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Articles by K. J Lee
Total Records ( 3 ) for K. J Lee
  S. J Lee , C. W Kim , K. J Lee , J. W Choe , S. E Kim , J. H Oh and Y. S. Park
  Background

S100B is a biomarker that reflects injury to the central nervous system. As the spine is an integral part of the spinal cord, a study was undertaken to investigate whether serum S100B levels are associated with acute spinal fracture without head injury.

Methods

The study population consisted of 32 consecutive patients aged ≥18 years in whom the emergency physicians suspected spinal fractures. All the patients underwent CT scans to establish the diagnosis of spinal fracture. MRI was then performed on all the patients to determine the presence of spinal cord injury.

Results

Serum S100B levels were higher in the spinal fracture group than in the non-spinal fracture group, and 19 of the 20 patients in the spinal fracture group (95%) had an S100B level >0.12 µg/l, whereas all 12 of the non-spinal fracture group had an S100B level ≤0.12 µg/l. The S100B level in patients with epidural encroachment of the spinal cord was significantly higher (0.22–4.58 µg/l; mean 2.45 µg/l; 95% CI 0.95 to 3.94) than in those without epidural encroachment (0.114–2.87 µg/l; mean 0.80 µg/l; 95% CI 0.24 to 1.37) (p=0.037). Plain radiography revealed no definite abnormal findings in half of the patients with spinal fracture.

Conclusions

Serum S100B levels are raised in all patients with acute spinal fracture without head injury. Spinal fracture may therefore be one of the extracerebral sources of S100B. Serum S100B levels may be an effective tool for excluding subtle spinal fractures with no clear radiographic findings.

  M Bingmer , V Ozkan , J. m Jo , K. J Lee , H. S Baik and G. Schneider
 

Orthodontists commonly specify the alignment of the teeth and jaws by means of a set of k angles and their relationship with each other. Each individual can thus be visualized as a point in k-dimensional space. Individuals regarded as having an ideal occlusion and well-balanced face, form a cloud of points that is termed the ‘norm’ population. Individuals far from the cloud require orthodontic intervention.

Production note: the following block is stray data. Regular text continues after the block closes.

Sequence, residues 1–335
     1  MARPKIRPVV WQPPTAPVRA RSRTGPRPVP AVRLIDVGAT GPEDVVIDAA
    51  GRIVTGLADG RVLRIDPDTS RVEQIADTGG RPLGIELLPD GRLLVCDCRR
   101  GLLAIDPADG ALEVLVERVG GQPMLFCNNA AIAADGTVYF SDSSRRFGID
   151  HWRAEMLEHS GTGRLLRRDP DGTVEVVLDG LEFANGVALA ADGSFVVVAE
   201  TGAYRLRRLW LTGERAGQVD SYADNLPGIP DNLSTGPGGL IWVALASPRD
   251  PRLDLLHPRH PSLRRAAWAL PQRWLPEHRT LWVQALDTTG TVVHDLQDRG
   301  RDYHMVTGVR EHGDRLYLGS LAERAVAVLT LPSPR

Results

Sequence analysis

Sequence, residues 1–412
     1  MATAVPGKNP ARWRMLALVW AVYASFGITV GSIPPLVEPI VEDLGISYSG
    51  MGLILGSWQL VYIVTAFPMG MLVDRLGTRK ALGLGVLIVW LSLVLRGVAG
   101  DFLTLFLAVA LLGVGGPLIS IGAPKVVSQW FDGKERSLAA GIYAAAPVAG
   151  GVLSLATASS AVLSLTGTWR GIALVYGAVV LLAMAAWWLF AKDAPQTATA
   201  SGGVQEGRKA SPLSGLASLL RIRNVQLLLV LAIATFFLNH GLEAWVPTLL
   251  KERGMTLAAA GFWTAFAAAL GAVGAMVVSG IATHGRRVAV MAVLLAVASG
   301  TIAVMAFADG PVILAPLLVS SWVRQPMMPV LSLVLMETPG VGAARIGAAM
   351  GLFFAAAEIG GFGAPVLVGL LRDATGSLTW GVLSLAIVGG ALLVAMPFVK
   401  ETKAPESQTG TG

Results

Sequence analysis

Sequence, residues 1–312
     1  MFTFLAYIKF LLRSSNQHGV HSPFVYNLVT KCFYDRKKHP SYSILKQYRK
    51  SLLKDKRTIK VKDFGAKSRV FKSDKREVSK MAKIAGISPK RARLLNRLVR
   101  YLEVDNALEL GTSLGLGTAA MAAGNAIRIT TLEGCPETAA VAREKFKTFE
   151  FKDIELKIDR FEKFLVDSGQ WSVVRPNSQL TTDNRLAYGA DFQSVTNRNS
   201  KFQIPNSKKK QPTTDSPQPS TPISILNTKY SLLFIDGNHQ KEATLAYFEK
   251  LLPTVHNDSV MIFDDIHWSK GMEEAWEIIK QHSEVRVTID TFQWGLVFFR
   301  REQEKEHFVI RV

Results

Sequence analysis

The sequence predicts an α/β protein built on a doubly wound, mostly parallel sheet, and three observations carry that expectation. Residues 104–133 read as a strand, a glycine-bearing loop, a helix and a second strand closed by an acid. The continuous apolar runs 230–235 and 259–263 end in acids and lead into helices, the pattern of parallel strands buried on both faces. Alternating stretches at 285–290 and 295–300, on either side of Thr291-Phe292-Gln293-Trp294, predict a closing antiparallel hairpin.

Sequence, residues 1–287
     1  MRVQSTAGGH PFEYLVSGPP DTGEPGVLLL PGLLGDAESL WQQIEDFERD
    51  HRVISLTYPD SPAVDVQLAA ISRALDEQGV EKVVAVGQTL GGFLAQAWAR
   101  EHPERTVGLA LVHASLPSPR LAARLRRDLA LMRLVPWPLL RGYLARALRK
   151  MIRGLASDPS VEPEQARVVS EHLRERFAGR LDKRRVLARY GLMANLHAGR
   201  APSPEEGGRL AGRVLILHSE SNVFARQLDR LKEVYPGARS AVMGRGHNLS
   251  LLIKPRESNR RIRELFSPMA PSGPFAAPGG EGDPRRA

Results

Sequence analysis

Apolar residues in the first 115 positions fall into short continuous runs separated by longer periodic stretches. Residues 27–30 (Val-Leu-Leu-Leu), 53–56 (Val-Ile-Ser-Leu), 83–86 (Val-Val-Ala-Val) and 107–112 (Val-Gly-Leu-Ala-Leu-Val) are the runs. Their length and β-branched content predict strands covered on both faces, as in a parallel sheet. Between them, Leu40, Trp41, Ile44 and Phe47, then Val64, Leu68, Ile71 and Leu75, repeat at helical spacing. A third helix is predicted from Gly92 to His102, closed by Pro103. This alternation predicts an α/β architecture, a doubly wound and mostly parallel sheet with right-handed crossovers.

In this study, a method is presented—the multiharmony method (MHM), which assists in treatment planning. With multiple regression analysis, the expected value that each angle should take in a norm individual when the remaining angles are given is estimated. The residual difference between the measured angle and its expected value then indicates the deviation from a harmonic appearance in the respective angle.

The MHM was applied to a data set of 134 Korean individuals identified as the norm population (Class I, mean age: 19.6 years) and to 87 patients (Class III, mean age: 21.2 years). From the number and size of the residuals, the two populations could be separated almost completely. Almost all patients showed residuals larger than any residual in the norm population (sensitivity: 99 per cent), whereas 90 per cent of all norm individuals showed no extreme residuals. The MHM can also be used to assist in visualizing different treatment effects, thereby assisting the orthodontist in choosing the best course of treatment for each patient.

  G. H Kim , K Park , S. Y Yeom , K. J Lee , G Kim , J Ko , D. K Rhee , Y. H Kim , H. K Lee , H. W Kim , G. T Oh , K. U Lee , J. W Lee and S. W. Kim
 

Activating signal cointegrator-2 (ASC-2) functions as a transcriptional coactivator of many nuclear receptors and also plays important roles in the physiology of the liver and pancreas by interacting with liver X receptors (LXRs), which antagonize the development of atherosclerosis. This study was undertaken to establish the specific function of ASC-2 in macrophages and atherogenesis. Intriguingly, ASC-2 was more highly expressed in macrophages than in the liver and pancreas. To inhibit LXR-specific activity of ASC-2, we used DN2, which contains the C-terminal LXXLL motif of ASC-2 and thereby acts as an LXR-specific, dominant-negative mutant of ASC-2. In DN2-overexpressing transgenic macrophages, cellular cholesterol content was higher and cholesterol efflux lower than in control macrophages. DN2 reduced LXR ligand-dependent increases in the levels of ABCA1, ABCG1, and apolipoprotein E (apoE) transcripts as well as the activity of luciferase reporters driven by the LXR response elements (LXREs) of ABCA1, ABCG1, and apoE genes. These inhibitory effects of DN2 were reversed by overexpression of ASC-2. Chromatin immunoprecipitation analysis demonstrated that ASC-2 was recruited to the LXREs of the ABCA1, ABCG1, and apoE genes in a ligand-dependent manner and that DN2 interfered with the recruitment of ASC-2 to these LXREs. Furthermore, low-density lipoprotein receptor (LDLR)-null mice receiving bone marrow transplantation from DN2-transgenic mice showed accelerated atherogenesis when administered a high-fat diet. Taken together, these results indicate that suppression of the LXR-specific activity of ASC-2 results in both defective cholesterol metabolism in macrophages and accelerated atherogenesis, suggesting that ASC-2 is an antiatherogenic coactivator of LXRs in macrophages.

 
 
 
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